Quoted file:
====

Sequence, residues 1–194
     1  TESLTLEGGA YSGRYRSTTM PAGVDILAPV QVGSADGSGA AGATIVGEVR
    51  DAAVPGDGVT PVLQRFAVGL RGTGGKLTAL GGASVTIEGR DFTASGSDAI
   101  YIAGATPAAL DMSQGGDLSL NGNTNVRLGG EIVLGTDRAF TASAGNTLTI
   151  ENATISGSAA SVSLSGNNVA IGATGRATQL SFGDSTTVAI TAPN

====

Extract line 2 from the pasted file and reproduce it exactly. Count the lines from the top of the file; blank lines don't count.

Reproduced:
     1  TESLTLEGGA YSGRYRSTTM PAGVDILAPV QVGSADGSGA AGATIVGEVR